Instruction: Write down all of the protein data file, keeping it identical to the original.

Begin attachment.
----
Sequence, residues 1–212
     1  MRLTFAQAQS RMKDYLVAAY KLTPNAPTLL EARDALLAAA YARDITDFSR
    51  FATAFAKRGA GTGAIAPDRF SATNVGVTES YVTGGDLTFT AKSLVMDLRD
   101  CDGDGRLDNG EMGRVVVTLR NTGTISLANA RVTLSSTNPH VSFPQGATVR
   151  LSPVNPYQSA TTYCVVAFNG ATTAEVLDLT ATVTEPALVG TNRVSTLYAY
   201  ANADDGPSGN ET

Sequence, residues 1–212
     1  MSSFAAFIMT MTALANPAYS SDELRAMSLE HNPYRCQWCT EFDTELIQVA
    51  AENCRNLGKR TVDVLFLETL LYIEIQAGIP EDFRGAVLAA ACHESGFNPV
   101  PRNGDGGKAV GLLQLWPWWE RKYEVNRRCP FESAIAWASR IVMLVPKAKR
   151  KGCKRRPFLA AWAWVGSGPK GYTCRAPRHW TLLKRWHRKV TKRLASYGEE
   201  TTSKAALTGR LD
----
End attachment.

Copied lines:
Sequence, residues 1–212
     1  MRLTFAQAQS RMKDYLVAAY KLTPNAPTLL EARDALLAAA YARDITDFSR
    51  FATAFAKRGA GTGAIAPDRF SATNVGVTES YVTGGDLTFT AKSLVMDLRD
   101  CDGDGRLDNG EMGRVVVTLR NTGTISLANA RVTLSSTNPH VSFPQGATVR
   151  LSPVNPYQSA TTYCVVAFNG ATTAEVLDLT ATVTEPALVG TNRVSTLYAY
   201  ANADDGPSGN ET

Sequence, residues 1–212
     1  MSSFAAFIMT MTALANPAYS SDELRAMSLE HNPYRCQWCT EFDTELIQVA
    51  AENCRNLGKR TVDVLFLETL LYIEIQAGIP EDFRGAVLAA ACHESGFNPV
   101  PRNGDGGKAV GLLQLWPWWE RKYEVNRRCP FESAIAWASR IVMLVPKAKR
   151  KGCKRRPFLA AWAWVGSGPK GYTCRAPRHW TLLKRWHRKV TKRLASYGEE
   201  TTSKAALTGR LD